Saturday, November 18, 2006

The Good Life

Some days, I feel great. I'm grateful for life, enjoy my daughter, love my friends and family, I enjoy what I'm doing. I get things done but don't freak out.

And then there are the many other days when I just want to crawl into bed. I resent everything, I'm overly grumpy, etc.

Sounds like depression, right? True. But I'm on an anti-depressant. What I've found, beyond medication, is that there are certain things I do that can contribute to or detract from my contentment. Here are my rules for creating the good life:

1. Limit TV. I love TV. And I am highly skeptical of people who want me to live without it. But I have found my joy level falls if I watch more than 1-2 hours of TV. Mindless TV viewing is a joy-kill for me. I do it sometimes, because I'm tired or lazy or just can't handle much else. But it never makes me feel better. In fact, if I'm feeling good, it will seep the energy from me.

2. Same for the Internet. Too much time online = discontented me.

3. Too much caffeine. I love coffee, but some mornings now, I have decaff because I've learned even one cup of coffee can jack up my anxiety level. Other mornings, one or two cups are perfect to perk me up and help me get going. But if I drink even half a cup more without thinking...I get very edgy, and that makes for bad parenting.

4. Doing anything makes me feel better. If I can get just one thing done each day, I'll feel better. Even if it's just a load of laundry or one room cleaned. Small accomplishments help me feel useful in the world.

5. I need work. I'm a stay-at-home mom. I work sporadically, mostly when we need money. But I've learned I feel better when I'm doing some work - as long as it's not keeping me up with long hours. I like to work. I like to make money. I like to use my brain. When I don't, I slowly lose my mind.

6. Do not finish the bottle of wine. Sometimes, I get a bottle of wine for my husband and myself. Sometimes, I get in an "I don't care" mood and will finish the bottle. This is rare, but it's always bad. Having a good glass of wine now and then adds to the richness of a simple life. Having too much makes me feel icky and grumpy - then the next day, I want to slip into "do nothing" mode, which means I'm missing out on life experiences.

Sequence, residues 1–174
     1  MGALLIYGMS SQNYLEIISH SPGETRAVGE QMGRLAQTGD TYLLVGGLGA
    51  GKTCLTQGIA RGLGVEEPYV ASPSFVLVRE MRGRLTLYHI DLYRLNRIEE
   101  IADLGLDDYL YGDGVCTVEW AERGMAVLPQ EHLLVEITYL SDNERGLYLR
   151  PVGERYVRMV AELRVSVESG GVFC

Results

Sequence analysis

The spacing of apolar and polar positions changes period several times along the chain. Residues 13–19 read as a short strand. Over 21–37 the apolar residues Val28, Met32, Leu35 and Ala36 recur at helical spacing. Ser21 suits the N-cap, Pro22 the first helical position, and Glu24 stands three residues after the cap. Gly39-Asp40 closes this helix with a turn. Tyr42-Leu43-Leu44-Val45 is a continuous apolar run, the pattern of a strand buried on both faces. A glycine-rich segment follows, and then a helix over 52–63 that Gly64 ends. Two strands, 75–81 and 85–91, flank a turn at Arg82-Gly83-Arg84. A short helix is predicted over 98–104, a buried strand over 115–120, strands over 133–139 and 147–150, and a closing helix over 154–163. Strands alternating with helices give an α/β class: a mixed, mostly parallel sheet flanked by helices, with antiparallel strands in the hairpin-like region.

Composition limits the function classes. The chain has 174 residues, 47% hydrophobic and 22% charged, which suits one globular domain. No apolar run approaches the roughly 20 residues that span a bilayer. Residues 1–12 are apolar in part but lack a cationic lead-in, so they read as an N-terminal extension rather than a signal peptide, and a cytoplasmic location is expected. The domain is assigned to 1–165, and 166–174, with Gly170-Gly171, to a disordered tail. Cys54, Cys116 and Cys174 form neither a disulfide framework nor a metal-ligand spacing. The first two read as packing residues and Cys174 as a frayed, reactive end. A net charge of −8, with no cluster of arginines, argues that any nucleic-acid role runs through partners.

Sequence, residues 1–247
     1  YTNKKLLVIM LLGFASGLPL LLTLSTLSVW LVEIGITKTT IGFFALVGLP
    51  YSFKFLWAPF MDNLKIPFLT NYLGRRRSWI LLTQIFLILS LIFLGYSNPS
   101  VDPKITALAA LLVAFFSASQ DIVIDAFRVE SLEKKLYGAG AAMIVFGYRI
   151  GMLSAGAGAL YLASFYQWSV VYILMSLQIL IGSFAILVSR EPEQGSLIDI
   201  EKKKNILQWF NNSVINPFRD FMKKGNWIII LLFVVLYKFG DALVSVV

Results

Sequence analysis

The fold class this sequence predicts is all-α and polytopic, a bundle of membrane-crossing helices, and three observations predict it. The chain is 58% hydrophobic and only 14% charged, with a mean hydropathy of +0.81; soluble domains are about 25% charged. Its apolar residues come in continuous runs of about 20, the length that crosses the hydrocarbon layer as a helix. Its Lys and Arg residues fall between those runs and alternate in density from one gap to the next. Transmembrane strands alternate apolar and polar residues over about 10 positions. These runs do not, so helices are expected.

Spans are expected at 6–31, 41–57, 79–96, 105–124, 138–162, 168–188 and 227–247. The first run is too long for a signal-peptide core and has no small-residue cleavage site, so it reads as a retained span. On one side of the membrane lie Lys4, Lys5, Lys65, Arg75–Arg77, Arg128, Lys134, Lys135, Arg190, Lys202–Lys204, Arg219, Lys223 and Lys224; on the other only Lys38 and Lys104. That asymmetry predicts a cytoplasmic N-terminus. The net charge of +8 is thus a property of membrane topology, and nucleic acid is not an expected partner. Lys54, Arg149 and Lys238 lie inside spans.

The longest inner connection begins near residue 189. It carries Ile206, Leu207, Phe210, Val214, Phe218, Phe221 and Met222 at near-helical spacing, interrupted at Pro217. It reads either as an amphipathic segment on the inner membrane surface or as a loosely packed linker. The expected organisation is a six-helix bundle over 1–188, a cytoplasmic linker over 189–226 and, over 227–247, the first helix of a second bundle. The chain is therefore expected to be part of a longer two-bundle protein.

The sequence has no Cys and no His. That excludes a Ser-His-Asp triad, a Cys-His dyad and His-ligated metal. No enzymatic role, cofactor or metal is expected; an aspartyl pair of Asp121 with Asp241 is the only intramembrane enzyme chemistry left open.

7. Don't overplan. I get in these moods where I decide we're going to go out more, do more, etc. I make huge lists and big plans. And then I just don't have the energy to throw a big dinner party or drive to another city for a special event. Now, I write down events by date - so today, we can go to a local festival, go swim or go listen to a book reading at the book store. We may not do any of these, but I know what's going on if we do want to do something. If I want to have someone for dinner now, I just plan an easy meal - spaghetti, etc. - and invite them that day on the spur of the moment.

8. Rather than talk on the phone when I'm lonely, go visit someone - or just take my daughter out for some fun. I tend to want to stay at home. Going out for even a short shopping trip helps me stay in the flow of life. My daughter is old enough now that it's actually fun to take her places. Sometimes, I forget this and get stuck in that baby-mode, where you have to worry about hauling around heavy baby equipment and naps.

9. Make time for my family and friends. This may sound like a weird thing from a SAHM, but sometimes I get so busy in accomplishing goals or cleaning, I forget to spend time with my husband as a spouse, rather than a roommate. I forget to go out with my friends and enjoy them as complex women, not just mothers I can meet for an easy playdate.



Thursday, November 02, 2006

Toxic Relatives

Family conjures up a range of emotionals issues. For the most part, when we think "Family," society tells us we're supposed to have warm, fuzzy, safe feelings. But really, families are much more complex and the very word can conjure up conflicting feelings of love, abandonment, resentment, safety, fear, hate and happiness, depending on your experience of family or even just upon which family members you're talking about.